US court acquits Cuba militant Luis Posada Carriles

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Luis Posada Carriles, 8 April 2011
Image caption,
Mr Posada Carriles says he was a freedom fighter

A US court has acquitted a veteran Cuban anti-communist activist and former CIA agent, Luis Posada Carriles, on immigration charges.

US federal prosecutors had accused him of lying to immigration officials, but a jury found him not guilty.

The verdict is likely to anger Cuba and Venezuela, where Mr Posada Carriles, 83, is wanted on terrorist charges.

Cuban exile groups have hailed the verdict as a "great defeat" for the Cuban government.

After a trial lasting 13 weeks, the jury in Texas took three hours to find Mr Posada Carriles not guilty on 11 counts including perjury and immigration fraud.

The verdict ends four years of efforts by US prosecutors to convict him.

He had been accused of lying to immigration officials about how he got into the US and about his alleged involvement in bomb attacks in Havana in 1997 in which an Italian tourist was killed.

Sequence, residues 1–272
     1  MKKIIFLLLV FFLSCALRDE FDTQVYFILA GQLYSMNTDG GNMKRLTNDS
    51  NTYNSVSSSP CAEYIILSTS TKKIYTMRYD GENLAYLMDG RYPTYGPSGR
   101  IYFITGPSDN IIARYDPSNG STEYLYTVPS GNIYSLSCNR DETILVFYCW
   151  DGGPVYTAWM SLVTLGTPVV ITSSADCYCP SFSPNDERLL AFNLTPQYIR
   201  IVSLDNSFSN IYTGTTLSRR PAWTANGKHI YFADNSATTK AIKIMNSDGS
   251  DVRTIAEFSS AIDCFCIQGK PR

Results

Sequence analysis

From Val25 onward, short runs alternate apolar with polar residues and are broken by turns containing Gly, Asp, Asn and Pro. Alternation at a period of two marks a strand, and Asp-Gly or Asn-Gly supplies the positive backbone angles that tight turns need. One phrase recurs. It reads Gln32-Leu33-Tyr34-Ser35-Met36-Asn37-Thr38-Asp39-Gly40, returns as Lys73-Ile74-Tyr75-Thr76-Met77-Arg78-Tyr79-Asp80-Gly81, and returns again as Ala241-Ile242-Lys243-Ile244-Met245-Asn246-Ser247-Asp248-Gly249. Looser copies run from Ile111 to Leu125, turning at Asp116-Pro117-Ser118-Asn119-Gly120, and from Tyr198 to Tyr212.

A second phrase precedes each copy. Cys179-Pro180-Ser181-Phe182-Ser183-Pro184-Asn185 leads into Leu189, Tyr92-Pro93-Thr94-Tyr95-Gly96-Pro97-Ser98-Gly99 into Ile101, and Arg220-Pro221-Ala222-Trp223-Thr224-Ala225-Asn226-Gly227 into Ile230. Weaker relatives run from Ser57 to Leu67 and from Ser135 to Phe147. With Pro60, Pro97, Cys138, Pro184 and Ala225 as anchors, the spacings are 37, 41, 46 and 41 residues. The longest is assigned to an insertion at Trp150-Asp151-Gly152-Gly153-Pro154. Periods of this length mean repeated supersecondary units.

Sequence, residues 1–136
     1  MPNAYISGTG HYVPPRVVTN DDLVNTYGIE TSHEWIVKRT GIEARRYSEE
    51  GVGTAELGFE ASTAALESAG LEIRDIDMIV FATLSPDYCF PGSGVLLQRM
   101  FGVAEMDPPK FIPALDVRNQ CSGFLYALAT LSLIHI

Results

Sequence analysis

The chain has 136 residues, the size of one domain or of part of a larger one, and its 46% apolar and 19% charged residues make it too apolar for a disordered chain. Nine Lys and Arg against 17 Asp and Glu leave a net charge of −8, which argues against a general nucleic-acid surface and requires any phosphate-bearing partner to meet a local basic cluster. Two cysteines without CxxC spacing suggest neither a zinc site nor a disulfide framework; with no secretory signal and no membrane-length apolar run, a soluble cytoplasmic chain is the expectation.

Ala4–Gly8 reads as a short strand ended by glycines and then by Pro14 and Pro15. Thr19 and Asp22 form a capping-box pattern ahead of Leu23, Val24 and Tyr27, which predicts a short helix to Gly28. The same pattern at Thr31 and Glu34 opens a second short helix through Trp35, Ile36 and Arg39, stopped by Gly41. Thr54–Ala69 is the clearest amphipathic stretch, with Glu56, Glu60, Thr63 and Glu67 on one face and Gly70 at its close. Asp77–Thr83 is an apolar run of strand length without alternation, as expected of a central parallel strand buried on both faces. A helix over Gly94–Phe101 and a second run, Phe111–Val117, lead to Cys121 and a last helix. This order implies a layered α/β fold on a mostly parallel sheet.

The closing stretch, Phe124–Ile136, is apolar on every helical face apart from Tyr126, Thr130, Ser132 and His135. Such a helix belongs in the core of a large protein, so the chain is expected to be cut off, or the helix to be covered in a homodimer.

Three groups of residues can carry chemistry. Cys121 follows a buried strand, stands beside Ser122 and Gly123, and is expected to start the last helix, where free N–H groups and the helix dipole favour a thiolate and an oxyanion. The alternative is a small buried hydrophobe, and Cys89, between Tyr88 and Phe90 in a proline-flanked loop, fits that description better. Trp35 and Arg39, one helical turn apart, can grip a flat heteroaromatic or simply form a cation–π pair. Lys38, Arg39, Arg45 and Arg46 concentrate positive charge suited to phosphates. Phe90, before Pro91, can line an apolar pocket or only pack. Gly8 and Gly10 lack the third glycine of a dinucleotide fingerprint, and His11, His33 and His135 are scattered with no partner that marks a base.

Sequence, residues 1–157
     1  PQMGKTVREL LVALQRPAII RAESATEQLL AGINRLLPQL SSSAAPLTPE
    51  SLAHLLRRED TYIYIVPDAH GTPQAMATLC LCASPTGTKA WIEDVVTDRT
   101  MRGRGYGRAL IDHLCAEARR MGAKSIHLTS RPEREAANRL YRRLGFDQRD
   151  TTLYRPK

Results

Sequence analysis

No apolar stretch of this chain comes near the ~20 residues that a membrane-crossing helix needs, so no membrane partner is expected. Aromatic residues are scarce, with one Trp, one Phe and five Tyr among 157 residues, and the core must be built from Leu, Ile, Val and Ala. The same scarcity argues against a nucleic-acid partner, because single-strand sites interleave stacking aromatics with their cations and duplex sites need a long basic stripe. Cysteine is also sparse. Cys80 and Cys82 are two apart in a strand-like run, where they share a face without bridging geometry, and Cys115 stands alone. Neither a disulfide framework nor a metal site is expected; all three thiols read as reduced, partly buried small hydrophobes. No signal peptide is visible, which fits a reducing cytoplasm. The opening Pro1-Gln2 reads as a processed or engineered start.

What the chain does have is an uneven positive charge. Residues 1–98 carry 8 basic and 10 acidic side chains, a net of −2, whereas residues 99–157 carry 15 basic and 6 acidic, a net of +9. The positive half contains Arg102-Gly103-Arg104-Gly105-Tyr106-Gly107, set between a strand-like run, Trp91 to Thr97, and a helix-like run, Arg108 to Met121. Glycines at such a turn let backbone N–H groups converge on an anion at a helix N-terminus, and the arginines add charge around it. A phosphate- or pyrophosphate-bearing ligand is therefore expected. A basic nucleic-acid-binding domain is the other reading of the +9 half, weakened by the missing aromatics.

Central to the prosecution case was an interview he gave to the New York Times in 1998 in which he said he had planned the attacks, although he later retracted the statement.

Cuba and Venezuela also want to extradite him for allegedly masterminding the bombing of a Cuban airliner in 1973, which killed 73 people.

A lawyer representing Venezuela, Jose Pertierra, said Caracas would now renew its efforts to have him extradited.

The US has previously refused to send Mr Posada Carriles to Cuba or Venezuela, saying he could face torture.

Long struggle

Luis Posada Carriles spent decades trying to overthrow the communist government in Cuba.

In 1976 he was jailed in Venezuela over the airline bombing, but escaped from prison in 1985.

He was then jailed in Panama in 2000 for plotting the assassination of his arch-enemy, the Cuban leader Fidel Castro, but was pardoned and released four years later.

Mr Posada Carriles has always denied involvement in the airline bombing and the alleged plot against Castro in Panama, but admits fighting for "freedom" in Cuba.

Declassified US documents show that he worked for the CIA between 1965 and 1976.

He is also said to have worked for the intelligence agencies of Venezuela, Guatemala, El Salvador, Argentina and Chile, and to have supported Contra rebels in Nicaragua, during his long campaign against left-wing influence in Latin America.

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